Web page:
We are very pleased to offer this guest post on our March theme from Cat Chapin-Bishop. Cat has been a Pagan since 1986, and has also been Quaker since 2001. She is the former chair of Cherry Hill Seminary’s Pastoral Counseling Department, and her essays have appeared in Celebrating the Pagan Soul, Writing Cheerfully on the Web, The Pomegranate, and at The Wild Hunt blog. In addition to her Pagan work, Cat is active in her local Quaker meeting, and she writes about the connections between Pagan and Quaker practice at the blog she co-writes with her husband Peter, Quaker Pagan Reflections. –CHK
I live in a place that reminds me daily that the world is vibrant with spirit.
The land around me reminds me: we live amid wonders. My hope for the Pagan movement, fifty years from now, is that we remember to celebrate that fact, and to live in a way consistent with that vision.
I live and work in rural Massachusetts, in a landscape full of stone walls and looming pine trees. My daily commute takes me past oaks and orchards, icy waterfalls and granite cliffs, and I see deer, bears, and red-tailed hawks on a regular basis. Driving to work this week, I saw the cold fire of a full moon on one horizon, while to the east, the the sun rose over the hills in a blaze of copper. In moments, the faded pastels of the landscape dissolved, and the birch trees, rocks and windowed houses all caught fire.
As a Pagan, this is how I see the world. Call it spirit, call it numen, call it life or the last resounding echoes of the Big Bang. Something burns with lines of silver and copper fire within every being, every object in the world. Hard to name it may be, but this is not just a metaphor, a product of my human mind; the world was sacred before I ever saw it, and it will be so long ages after the human race is gone. Even the rocks vibrate with it… even ordinary morning commuters like me.
We Pagans do not all understand the sacred in the same way. Some of us hold that the Earth Herself is sacred, and some of us do not. Some of our traditions teach of gods, some of land spirits, nymphs, ancestors and disir, Fair Folk and ghosts. Some of our traditions recognize holy trees and holy wells, mountains sacred to the gods, or powers of nature the gods can wield like toys. Some of us feel a sacred fire without reference to the supernatural at all, while to others, each rock and stream is home to a spiritual being, formed with holy fire at its core.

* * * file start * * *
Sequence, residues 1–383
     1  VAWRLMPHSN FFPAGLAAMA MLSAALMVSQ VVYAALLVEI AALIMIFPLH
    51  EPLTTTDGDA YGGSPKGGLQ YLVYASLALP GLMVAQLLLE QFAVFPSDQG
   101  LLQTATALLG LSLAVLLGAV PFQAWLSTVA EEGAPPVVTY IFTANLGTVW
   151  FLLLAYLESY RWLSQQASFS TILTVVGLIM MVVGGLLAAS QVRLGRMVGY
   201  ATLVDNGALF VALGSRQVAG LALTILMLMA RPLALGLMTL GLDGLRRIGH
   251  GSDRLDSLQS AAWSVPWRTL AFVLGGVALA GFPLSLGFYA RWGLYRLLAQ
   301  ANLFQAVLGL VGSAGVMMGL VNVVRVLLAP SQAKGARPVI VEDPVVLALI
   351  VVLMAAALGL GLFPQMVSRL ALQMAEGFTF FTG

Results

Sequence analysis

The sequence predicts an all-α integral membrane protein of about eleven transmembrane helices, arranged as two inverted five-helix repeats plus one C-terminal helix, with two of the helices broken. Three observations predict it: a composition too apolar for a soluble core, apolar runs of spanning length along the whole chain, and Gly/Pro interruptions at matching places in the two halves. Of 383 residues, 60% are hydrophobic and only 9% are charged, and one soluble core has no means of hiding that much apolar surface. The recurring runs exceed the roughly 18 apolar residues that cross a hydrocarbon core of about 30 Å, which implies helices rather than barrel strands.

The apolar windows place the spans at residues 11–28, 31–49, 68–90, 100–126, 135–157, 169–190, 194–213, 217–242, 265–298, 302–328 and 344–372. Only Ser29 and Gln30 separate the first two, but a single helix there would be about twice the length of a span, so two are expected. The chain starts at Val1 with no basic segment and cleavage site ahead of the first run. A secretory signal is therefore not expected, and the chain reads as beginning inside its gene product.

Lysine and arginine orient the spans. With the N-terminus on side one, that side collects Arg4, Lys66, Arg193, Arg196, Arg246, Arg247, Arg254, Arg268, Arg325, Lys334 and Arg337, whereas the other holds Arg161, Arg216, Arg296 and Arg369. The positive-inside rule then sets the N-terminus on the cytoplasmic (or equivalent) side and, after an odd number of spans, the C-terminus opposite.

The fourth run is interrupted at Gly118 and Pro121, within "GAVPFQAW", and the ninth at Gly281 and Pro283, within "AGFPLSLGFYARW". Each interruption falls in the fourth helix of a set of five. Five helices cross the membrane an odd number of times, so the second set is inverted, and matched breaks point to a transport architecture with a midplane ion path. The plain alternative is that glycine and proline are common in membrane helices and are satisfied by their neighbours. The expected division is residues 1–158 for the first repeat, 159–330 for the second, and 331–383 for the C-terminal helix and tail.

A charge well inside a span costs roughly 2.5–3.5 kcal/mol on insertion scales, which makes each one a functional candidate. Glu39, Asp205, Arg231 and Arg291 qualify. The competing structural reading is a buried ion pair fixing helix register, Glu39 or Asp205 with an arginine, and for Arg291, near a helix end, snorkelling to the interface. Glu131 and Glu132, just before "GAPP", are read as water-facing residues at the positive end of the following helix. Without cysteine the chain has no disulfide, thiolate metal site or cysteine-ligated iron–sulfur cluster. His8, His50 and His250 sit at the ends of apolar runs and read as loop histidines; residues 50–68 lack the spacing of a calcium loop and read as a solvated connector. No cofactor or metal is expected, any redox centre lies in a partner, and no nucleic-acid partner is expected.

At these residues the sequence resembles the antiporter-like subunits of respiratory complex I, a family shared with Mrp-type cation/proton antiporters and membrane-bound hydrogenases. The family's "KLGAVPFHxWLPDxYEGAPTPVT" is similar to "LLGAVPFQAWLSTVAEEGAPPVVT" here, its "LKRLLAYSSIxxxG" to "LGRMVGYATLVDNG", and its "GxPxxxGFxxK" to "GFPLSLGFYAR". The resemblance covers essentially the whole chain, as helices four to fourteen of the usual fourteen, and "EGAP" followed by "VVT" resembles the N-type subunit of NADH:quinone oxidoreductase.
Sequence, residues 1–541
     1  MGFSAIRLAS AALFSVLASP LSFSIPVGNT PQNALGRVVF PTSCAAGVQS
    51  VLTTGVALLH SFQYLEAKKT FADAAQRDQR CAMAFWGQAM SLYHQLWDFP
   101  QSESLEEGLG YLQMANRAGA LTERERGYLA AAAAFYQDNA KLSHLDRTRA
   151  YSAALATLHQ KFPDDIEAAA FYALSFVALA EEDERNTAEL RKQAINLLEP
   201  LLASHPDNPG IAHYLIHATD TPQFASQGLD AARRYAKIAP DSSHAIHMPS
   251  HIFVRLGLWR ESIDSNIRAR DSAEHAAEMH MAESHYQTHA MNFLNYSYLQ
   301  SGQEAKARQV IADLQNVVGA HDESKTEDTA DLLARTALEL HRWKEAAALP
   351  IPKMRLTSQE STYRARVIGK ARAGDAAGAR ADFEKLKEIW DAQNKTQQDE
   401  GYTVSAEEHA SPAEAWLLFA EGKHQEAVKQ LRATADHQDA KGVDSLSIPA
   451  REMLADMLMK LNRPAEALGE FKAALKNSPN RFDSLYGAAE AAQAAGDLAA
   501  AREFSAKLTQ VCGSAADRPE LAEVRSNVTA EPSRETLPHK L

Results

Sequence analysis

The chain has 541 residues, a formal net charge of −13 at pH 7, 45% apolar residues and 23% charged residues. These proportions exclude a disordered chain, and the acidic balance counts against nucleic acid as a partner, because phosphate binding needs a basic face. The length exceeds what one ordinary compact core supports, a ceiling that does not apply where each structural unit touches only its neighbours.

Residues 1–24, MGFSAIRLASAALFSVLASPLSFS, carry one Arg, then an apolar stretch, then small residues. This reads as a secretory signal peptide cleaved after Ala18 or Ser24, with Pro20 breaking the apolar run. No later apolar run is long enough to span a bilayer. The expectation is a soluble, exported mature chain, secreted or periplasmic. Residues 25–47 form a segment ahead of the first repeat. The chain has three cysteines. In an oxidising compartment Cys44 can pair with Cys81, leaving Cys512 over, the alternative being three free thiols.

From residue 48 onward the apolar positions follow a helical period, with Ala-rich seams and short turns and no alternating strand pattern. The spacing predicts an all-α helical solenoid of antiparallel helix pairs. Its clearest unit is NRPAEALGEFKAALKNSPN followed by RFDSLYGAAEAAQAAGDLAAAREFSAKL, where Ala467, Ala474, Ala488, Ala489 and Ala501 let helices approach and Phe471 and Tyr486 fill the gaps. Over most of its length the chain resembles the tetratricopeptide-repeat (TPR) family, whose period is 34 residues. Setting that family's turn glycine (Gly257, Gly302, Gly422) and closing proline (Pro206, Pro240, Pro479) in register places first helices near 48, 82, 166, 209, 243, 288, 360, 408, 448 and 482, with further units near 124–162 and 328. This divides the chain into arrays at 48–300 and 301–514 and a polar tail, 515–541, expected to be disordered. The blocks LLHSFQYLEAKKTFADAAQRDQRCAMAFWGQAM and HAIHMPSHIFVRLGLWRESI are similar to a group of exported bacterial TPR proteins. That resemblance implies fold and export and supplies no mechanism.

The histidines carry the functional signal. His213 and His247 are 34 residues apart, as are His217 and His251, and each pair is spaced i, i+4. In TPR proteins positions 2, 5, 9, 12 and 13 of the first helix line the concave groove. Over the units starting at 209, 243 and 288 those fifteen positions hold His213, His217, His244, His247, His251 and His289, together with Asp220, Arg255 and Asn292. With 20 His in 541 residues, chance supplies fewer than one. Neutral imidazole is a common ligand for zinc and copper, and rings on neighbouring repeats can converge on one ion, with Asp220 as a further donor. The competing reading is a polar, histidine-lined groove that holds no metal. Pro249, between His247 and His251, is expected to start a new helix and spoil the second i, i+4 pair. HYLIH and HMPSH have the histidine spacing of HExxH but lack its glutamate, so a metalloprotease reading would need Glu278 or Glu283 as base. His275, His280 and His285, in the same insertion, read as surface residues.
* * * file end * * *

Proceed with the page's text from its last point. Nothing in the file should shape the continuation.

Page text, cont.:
I do not understand all the ways my people honor what is holy in the world. I only understand that we do.
We do not need to define our experiences of the holy in the same way. We do not need to blend together our theologies, vocabulary, or myths. But I think we are weakened forever if we allow our differences to distract us from what we know we hold in common: that we live our lives open to the possibility that on this day, we will encounter personally some source of that sacred fire. We walk through the world ready to be blessed.
As Walt Whitman put it, in Leaves of Grass:
Stop this day and night with me, and you shall possess the origin of all poems;
You shall possess the good of the earth and sun—(there are millions of suns left;)
You shall no longer take things at second or third hand, nor look through the eyes of the dead, nor feed on the spectres in books;
You shall not look through my eyes either, nor take things from me:
You shall listen to all sides, and filter them from yourself.
My hope for us in the future is that we will have become wise enough not to quarrel with one another over our intellectual understandings of experiences too deep for words. How we understand the sacred is diverse; that we can know what it is like to be on fire with the sacred is unitive—if we let it be.
Every Pagan is not a mystic. Every Pagan tradition does not need to center on mysticism. But I would like for us to recognize, and even to celebrate, that whatever the teachings we have inherited or created, the fire of Spirit still runs through the bones of the world. It’s still there, and we can find it.
What if we put more energy into encountering the spiritual fire behind our traditions, and into letting them inspire us into action than we put into defining what distinguishes one of our traditions from another? I don’t say eliminate our differences… but perhaps we can lose the illusion that difference is the point of religious life. Perhaps we can make use of the unique strengths and insights of each Pagan tradition to better find and follow the sacred encounters at its heart.
What if, instead of quarreling over what notions, what definitions of the sacred are right or wrong, mine or yours, we instead tried to listen to what that holy fire is telling us about how to live? What if, instead of trying to define which Pagan traditions are “nature-centered” or “earth-centered,” monist or polytheist, we opened ourselves, through our own traditions, to understanding what our own sacred sources have to say to us, today, about relating to the world—or to conflicts, or poverty, or any of the other complications of sharing a biosphere with seven billion other human beings?
What would we hear, if we remembered to listen?
Fifty years from now, I would like us not to be composed of religious traditions that make war on our mystics, as modern Fundamentalist Christians and Muslims do. I’d like us to remember that the miraculous is always on the verge of breaking into everyday life, and has as much to teach us now as it taught our ancestors—whether fifty years ago, or five centuries.
Fifty years from now, I hope to find a Pagan community that shares the world of Spirit in beauty, diversity, and interconnectedness.